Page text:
Thursday, 14 October 2010

Wales Special Meeting

I'm just on my way back from a special volunteers meeting in Cardiff,
with Rodney (our Chair) and myself. There were sixteen volunteers from
a range of groups including Mendip, Llanelli, Tiger Bay and Islwyn;
and the event was chaired by Helen Lloyd Jones, chair of Ramblers
Cymru. Rodney and I outlined the business plan's four priorities (more
members; more income; footpaths campaigning; and more efficiency), and
then we answered questions, alongside Rob Hanna from the Wales office.
One of the things that we highlighted was our priority to finish the
financial year with more members than we started. In Wales, this means
finishing next September with MORE THAN 6,382 members.
Issues that were raised tonight included:
- the need for Areas and Groups to have more certainty in budgeting.
For example, an earlier indication (perhaps in May/June) of the level
of funding likely to be available for the year starting in October.
- ways to become more efficient (one of our priorities) at Group level
- for example, by using electronic comms rather than paper.
- how some local authorities are cutting back on volunteer path
maintenance work (Mendip Group raised this in particular).
- whether we could provide a template for small plaques which Groups
can fix onto mended signs/styles, promoting the Ramblers
- provision of rights of way training for volunteers - the need for
'high level' as well as induction courses. We talked about cascade
training (volunteers being trained to train other volunteers) and
about using the expert volunteer knowledge that's around
- the differences there are between Wales and England - for example,
on funding for rights of ways (it is going up in some parts of Wales),
the Glastor scheme to encourage landowners to look after footpaths, etc.
- Rob explained about some of the exciting externally-funded projects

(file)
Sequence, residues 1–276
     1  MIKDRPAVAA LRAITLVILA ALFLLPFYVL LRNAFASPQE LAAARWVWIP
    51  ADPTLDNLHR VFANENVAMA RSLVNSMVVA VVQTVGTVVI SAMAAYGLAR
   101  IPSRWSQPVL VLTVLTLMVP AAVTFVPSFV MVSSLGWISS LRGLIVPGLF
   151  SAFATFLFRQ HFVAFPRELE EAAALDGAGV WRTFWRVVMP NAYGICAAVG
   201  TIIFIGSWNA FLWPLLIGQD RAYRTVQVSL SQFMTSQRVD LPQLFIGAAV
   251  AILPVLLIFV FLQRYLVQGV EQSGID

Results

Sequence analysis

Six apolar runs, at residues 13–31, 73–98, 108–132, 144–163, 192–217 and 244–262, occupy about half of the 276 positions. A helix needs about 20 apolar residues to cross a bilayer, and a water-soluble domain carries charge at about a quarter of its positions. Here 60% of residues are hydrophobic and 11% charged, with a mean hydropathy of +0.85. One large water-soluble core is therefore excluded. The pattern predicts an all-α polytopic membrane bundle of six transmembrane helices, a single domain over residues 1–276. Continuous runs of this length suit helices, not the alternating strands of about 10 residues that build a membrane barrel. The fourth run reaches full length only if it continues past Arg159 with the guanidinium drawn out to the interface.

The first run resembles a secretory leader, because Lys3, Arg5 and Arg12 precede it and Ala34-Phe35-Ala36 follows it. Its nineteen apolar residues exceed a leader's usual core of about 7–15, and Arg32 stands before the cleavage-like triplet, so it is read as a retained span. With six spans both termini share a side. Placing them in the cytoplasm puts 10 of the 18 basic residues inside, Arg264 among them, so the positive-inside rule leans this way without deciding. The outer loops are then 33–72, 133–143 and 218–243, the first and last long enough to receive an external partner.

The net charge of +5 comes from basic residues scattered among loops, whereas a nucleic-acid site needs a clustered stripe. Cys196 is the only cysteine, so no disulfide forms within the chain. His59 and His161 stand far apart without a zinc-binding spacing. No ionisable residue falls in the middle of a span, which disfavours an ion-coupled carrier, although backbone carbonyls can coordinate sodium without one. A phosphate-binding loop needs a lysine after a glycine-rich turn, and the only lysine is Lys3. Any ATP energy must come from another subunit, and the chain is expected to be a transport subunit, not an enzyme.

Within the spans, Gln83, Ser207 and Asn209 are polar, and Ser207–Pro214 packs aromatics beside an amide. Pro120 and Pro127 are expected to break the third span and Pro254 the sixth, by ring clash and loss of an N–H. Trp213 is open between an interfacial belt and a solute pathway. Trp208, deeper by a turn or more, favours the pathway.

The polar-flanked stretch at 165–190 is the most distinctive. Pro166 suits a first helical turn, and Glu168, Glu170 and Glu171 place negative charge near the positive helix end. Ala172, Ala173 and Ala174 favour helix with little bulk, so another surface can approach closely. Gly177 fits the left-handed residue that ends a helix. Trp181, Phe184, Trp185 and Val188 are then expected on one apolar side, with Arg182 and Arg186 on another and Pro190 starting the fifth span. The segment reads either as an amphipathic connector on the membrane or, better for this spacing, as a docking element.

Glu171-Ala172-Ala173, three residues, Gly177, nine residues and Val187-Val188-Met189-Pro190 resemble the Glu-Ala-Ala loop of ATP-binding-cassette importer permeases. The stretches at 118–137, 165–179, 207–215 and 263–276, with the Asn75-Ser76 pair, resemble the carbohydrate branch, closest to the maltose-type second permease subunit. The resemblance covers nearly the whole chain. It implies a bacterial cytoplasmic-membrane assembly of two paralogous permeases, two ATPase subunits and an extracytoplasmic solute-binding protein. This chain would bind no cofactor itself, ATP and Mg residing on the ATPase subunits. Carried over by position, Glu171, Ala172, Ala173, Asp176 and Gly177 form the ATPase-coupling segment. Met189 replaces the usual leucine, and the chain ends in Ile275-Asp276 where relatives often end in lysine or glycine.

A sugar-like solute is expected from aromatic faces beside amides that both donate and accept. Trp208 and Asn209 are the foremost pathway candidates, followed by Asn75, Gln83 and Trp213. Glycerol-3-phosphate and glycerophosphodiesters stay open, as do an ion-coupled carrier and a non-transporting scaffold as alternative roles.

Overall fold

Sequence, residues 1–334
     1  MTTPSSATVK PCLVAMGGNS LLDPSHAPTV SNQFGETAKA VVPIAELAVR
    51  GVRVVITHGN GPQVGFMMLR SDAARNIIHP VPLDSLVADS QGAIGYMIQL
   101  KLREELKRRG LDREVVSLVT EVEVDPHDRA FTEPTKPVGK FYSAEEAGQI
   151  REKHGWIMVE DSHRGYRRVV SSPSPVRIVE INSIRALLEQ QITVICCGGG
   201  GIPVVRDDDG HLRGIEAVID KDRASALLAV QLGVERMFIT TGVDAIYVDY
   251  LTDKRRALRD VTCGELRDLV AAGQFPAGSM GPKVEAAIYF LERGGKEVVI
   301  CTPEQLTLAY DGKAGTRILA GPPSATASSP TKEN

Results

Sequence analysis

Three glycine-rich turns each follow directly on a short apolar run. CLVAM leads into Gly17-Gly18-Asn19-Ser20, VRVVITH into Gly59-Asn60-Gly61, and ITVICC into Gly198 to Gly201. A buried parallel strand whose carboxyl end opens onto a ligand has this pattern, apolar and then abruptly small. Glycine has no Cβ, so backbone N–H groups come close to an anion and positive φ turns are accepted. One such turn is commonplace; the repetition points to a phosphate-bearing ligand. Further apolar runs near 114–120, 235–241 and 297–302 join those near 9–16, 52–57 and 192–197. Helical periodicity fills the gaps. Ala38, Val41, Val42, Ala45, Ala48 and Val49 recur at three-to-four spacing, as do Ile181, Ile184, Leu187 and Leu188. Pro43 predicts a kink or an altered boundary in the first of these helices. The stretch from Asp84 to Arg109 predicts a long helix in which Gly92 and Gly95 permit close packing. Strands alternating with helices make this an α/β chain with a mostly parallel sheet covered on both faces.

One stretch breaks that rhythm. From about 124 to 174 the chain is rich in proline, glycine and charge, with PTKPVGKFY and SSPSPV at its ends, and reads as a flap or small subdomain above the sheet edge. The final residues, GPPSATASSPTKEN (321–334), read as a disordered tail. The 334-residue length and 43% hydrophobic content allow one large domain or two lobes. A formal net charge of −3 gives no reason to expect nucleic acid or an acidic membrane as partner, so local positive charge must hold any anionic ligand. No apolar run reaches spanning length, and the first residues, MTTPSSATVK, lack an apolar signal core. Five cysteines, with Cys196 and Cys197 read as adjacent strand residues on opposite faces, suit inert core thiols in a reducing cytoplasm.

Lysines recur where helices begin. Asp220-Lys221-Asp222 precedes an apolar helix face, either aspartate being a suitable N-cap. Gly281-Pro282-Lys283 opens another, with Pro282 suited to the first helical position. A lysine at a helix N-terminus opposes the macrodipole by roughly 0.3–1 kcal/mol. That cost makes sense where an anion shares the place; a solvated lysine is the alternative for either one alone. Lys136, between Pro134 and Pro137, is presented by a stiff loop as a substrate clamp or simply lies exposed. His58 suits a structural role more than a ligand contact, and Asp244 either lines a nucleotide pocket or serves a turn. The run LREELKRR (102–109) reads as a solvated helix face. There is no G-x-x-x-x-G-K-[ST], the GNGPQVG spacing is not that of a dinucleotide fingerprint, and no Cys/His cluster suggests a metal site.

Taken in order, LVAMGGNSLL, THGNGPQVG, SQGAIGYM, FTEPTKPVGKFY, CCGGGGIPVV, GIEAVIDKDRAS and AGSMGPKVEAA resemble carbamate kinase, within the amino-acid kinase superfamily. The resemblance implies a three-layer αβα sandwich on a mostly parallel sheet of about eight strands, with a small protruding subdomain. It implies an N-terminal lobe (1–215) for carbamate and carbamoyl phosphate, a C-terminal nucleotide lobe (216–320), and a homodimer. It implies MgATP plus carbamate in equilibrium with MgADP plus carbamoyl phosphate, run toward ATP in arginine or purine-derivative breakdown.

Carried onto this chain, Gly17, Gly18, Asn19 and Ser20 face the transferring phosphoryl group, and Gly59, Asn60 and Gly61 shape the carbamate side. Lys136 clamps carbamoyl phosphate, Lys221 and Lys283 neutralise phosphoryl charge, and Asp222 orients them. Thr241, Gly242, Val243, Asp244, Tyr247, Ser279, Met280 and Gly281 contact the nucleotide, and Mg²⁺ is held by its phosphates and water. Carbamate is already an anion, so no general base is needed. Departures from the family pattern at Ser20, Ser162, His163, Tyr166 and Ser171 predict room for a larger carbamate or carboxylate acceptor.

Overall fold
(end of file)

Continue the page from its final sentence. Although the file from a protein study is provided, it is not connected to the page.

in Wales - for example, a research project being undertaken by Andrew
Morgan from West Glamorgan Ramblers into the benefits of the Coastal
walking route; the e-trails project to provide walking information on
smartphones; and plans to apply for match grant funding for staff
posts covering different parts of the country
- we heard from Tiger Bay Ramblers how they managed to recruit 30 new
members on Get Walking Day (more than any other group in the country)
by targeting people who had previously expressed an interest (warm
leads, in the jargon)
- we discussed the potential for setting up new groups (or virtual
groups, based on email) in Wales. The Wales Rail Ramblers is a GB
pilot for a virtual group, to see if thus will work. One of the
messages from people was that the bureaucracy in setting up groups can
put people off. We also discussed working more closely with affiliated
groups, to persuade their members to join the Ramblers, to support our
Finally, Rob reminded us that we have a special 75th anniversary
event, with two government ministers, at the Welsh Assembly Government
on 16th November. I look forward to coming back to Cardiff then, and
thanks to everyone who came to the meeting tonight.

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